Trimming Elongated Stretched Out Succulents

Without enough light succulents will start to stretch out for more sun.  There are some easy steps for pruning succulents that look leggy or elongated (etiolated).

[Transcript] All righty guys pardon the jiggly camera for just a second.  I am in the garage so I’m in a little bit of a different setup.  I am moving some plants in for the fall and I wanted to show you I know it’s kind of intimidating when you have a plant that stretches out like this.

This is called an etiolated plant.  It’s when it doesn’t have enough light and it stretches and reaches.  Now this guy right here this is a little echeveria Lola.  This guy actually stretched out about a year ago like this during in the winter when he didn’t have enough light.  And since then he’s been in a southern facing window except for the last few days you can see he’s gotten lighter and stretched because I moved him as I’m getting plants in for the fall.

And so, he hasn’t had as much light yet cuz I’m getting everything set up.  But so he’s nice and thick at the top here because he’s had a lot of Sun recently.  But down here obviously the stem is really long and usually you don’t want that.  And in the fall when I bring him in for the winter I like to just go ahead and behead them.  It makes it easier for me but it’s really kind of intimidating if you’re first doing it because it seems like you’re really gonna kill your plant.

So, I thought you know what I’m just gonna do this on camera and show you a few different plants and you really don’t have to be paranoid about it.  So, what I’m gonna do is this is a nice sharp knife here you can use a razor blade you can use scissors and I am just going to slice this off nice and clean.  And this stem I’m gonna leave and keep it fairly dry.  But I will water it a little bit and it will sprout new babies that.

So, this is this is a Graptosedum that I cut off a while back.  But you can see these were the stems that are left that were left and they’re all just sprouting these lovely little babies.  Now this has taken quite a while.  You have to be pretty patient but if you are patient you will get more babies off of the stems most of the time.  So, I’m not going to toss this.  I’m actually gonna take it out of the pot and put it in with some others that are doing the same thing.

Pruning and Shaping Leggy Succulent Plants

But for now, I’ll just set this aside so what you have left is this lovely little top part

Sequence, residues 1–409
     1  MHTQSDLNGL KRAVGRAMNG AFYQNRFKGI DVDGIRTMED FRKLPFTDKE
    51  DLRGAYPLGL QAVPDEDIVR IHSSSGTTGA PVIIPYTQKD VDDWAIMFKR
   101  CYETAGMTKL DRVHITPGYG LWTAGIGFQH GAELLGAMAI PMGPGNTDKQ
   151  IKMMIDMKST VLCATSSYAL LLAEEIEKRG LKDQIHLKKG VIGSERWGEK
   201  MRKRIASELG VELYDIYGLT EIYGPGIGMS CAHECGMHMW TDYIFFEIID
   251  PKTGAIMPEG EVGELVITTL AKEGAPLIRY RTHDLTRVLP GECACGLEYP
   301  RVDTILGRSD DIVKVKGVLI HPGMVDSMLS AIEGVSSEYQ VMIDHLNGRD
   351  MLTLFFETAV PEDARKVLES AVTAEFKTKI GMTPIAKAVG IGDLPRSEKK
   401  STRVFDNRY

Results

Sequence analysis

here.  And what I’m gonna do is remove the leaves that are closest to the bottom here and I’m gonna try and get as clean up a break as possible so that I can possibly use some of these to propagate and get babies as well.

And there’s no real formula for how far up you need to go.  Basically, I usually remove leaves until I like the way it looks.  If it’s a really pretty rosette that is just straightened out but this one’s a little bit caddywhompus so I am just removing enough of the stem that I have a nice little portion to poke down into my dirt.

I’m just putting on a tray like this and just stick it in the dirt just like that.  Not fancy at all.  Just take the stem and poke it right down.  If you don’t have a long stem like this which I will show you on another plant hopefully here but if you don’t have a really long stem no worries.  Even if it’s just a tiny little nub like half an inch or even less you can just set it on top of the dirt and it will root.

You want to keep it pretty dry.  You can mist them a little bit but you want to keep it more a lot more on the dry side until you get roots or it will be prone to rot.  Then these lovely little leaves here I will lay out in another tray that I have with leaves rooting and see if we can get some babies from those.

Alright here is a guy I wanted to show you.  This isn’t actually one of mine I had you can see here that he looks really sad and I will show you what he should look like.  This one actually isn’t an amazing shape, but this is what it should be.  This is a beautiful echeveria and this one here is blooming.  Sorry it’s really long and hard to show but both of these were the same.

Actually, this one was a lot bigger and happier here but, I’m sorry my son is dragging something out in the gravel and making noise, anyways and so what happened is I gave this as a gift actually and it got sunburned.  It was used as a houseplant in on the coffee table where it just got indirect light.  And once it got a little bit nicer outside she put it outside and it got sunburned and it just could never recover.  However, not to despair.  She brought it to me and was like what do I do?  And I said just leave it and I will fix it and bring you a different one.

Trimming Stretched-Out Succulents